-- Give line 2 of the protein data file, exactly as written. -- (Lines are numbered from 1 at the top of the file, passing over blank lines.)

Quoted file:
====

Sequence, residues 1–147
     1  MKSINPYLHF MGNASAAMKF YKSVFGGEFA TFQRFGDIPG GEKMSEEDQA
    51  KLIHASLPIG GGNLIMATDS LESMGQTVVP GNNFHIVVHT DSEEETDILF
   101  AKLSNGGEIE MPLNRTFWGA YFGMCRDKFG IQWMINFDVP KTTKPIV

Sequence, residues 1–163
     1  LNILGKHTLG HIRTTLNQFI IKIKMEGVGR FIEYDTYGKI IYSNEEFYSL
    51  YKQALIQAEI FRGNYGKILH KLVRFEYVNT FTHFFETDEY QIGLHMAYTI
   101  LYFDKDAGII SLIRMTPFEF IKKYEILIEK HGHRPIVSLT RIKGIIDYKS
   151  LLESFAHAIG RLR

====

     1  MKSINPYLHF MGNASAAMKF YKSVFGGEFA TFQRFGDIPG GEKMSEEDQA